An avid traveler and collector of Native American and Southwest art, he worked in several states including Arizona, where he once served as a physician on a Navajo reservation. He kept few close friends, said the college, and almost never showed up in his own photos brought back home from trips he'd made alone. A digital camera purchased a week before his death had only images of his cat.

Hyper-organized, his car trunk contained not just flares and a blanket but a cheat sheet that detailed and ranked menus of restaurants he frequented during long trips. Even the campus library staff was impressed with how he cataloged the 1,500 music CDs that will increase the library's collection by three-fold.

"There's more than just classical here," marveled circulation supervisor Lynn Jones as she lugged one of several bulky binders crammed with photocopied CD covers arranged alphabetically and tabbed.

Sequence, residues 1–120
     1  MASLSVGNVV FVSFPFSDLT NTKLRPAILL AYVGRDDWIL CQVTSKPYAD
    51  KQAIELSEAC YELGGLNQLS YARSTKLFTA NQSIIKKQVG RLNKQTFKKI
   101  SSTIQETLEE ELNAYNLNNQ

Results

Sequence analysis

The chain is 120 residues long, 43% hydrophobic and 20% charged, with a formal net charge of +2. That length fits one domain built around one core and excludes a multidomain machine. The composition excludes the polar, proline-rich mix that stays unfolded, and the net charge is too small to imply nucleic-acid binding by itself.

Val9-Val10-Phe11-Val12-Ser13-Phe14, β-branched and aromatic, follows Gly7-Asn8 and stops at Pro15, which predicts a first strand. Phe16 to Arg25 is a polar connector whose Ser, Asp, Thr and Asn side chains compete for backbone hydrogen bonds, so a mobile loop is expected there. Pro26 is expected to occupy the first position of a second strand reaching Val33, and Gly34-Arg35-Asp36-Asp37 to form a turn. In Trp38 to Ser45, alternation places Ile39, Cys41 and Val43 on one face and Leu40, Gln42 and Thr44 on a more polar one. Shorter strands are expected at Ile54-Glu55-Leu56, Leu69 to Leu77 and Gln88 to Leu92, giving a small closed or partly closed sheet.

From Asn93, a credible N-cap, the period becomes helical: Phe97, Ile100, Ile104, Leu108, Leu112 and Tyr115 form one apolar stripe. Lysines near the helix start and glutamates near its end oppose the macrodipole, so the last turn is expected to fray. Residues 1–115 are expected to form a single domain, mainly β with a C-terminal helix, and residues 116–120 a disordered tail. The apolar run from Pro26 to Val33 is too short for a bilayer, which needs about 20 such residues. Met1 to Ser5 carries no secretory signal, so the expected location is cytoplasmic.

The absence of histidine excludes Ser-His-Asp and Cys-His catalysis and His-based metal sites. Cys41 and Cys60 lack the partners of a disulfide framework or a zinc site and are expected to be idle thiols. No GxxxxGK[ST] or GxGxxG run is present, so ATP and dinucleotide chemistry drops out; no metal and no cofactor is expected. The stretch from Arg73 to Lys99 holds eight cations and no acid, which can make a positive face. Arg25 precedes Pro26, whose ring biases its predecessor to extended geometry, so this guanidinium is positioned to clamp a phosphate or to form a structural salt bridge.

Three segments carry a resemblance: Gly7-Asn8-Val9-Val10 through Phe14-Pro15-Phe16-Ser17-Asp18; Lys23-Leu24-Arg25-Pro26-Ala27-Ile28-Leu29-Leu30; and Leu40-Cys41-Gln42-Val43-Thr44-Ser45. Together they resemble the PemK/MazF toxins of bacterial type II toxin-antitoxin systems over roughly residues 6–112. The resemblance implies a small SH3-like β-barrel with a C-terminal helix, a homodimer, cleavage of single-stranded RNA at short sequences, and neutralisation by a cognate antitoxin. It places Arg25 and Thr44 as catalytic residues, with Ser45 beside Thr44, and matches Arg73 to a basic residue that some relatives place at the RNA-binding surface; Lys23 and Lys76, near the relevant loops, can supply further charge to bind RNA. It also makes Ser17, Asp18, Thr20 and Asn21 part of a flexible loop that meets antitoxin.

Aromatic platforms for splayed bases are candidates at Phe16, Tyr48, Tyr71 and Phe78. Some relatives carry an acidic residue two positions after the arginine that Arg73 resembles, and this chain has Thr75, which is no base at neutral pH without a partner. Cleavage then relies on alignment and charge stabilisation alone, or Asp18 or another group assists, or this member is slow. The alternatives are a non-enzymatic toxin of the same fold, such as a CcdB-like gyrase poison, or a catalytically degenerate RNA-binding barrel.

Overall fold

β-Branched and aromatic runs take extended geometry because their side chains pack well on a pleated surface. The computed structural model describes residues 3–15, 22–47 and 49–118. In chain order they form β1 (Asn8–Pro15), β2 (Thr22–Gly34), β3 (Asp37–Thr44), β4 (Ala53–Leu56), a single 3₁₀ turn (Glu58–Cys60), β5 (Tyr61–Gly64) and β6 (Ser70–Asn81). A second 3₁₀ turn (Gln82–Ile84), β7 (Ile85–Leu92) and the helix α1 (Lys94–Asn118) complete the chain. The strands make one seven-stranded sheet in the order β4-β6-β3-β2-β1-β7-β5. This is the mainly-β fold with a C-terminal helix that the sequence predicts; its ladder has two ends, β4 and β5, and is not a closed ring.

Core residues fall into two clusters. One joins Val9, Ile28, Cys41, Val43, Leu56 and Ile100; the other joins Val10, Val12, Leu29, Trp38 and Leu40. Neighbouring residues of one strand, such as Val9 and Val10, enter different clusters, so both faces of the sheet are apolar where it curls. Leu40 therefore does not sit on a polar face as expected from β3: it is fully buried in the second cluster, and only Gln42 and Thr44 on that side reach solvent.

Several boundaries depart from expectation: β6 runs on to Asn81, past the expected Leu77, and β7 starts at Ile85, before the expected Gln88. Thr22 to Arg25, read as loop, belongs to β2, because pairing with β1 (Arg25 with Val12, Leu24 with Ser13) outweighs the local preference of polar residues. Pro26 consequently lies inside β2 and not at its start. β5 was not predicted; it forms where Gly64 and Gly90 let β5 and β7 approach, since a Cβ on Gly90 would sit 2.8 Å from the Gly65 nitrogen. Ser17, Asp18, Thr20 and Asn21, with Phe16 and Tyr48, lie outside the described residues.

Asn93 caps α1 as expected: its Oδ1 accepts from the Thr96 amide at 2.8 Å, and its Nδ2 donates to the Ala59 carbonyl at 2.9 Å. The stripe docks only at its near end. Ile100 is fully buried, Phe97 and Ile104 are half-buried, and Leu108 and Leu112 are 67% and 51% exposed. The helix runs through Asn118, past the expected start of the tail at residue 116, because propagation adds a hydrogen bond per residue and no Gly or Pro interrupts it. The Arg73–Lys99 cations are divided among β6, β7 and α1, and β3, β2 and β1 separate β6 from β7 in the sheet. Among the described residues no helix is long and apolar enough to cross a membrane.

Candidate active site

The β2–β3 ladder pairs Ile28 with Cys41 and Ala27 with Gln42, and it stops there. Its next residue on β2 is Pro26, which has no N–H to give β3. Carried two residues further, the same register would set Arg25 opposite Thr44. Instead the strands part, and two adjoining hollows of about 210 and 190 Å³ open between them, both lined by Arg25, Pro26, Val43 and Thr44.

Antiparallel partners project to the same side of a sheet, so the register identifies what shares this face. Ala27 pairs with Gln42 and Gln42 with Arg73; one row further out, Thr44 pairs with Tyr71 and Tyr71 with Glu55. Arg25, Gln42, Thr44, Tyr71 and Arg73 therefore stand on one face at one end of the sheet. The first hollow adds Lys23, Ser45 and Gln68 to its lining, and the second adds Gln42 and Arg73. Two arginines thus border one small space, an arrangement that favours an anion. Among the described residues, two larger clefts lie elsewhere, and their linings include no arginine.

"There's John Denver, music from TV shows, K.C. and the Sunshine Band. Look, here's Elvis," she said. "The man was quite a collector."

And not just of music.

Boxloads of pottery, paintings and imitation Navajo blankets -- items whose worth ranged from $10,000 to almost nothing -- were sold off or will adorn campus buildings including Juniata's historic Founders Hall, a red brick administration building dating to 1879 that is being gutted and restored. His handgun, a flatscreen TV and most of his household furnishings were sold in California, while his wardrobe and groceries went to a homeless shelter there.

The most enduring part of his gift to the campus will be the scholarship and the faces it brings to campus year after year. "These are students who otherwise probably couldn't afford Juniata or most other places," said Dr. Kepple.

"Forever," he added, smiling at the thought. "What a remarkable gift."


Bill Schackner can be reached at bschackner@post-gazette.com or 412-263-1977.